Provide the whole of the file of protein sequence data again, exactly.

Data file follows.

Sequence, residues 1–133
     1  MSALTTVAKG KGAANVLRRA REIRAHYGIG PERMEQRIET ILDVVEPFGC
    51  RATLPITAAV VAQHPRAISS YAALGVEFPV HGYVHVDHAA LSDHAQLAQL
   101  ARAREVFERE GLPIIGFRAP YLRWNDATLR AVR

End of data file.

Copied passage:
Sequence, residues 1–133
     1  MSALTTVAKG KGAANVLRRA REIRAHYGIG PERMEQRIET ILDVVEPFGC
    51  RATLPITAAV VAQHPRAISS YAALGVEFPV HGYVHVDHAA LSDHAQLAQL
   101  ARAREVFERE GLPIIGFRAP YLRWNDATLR AVR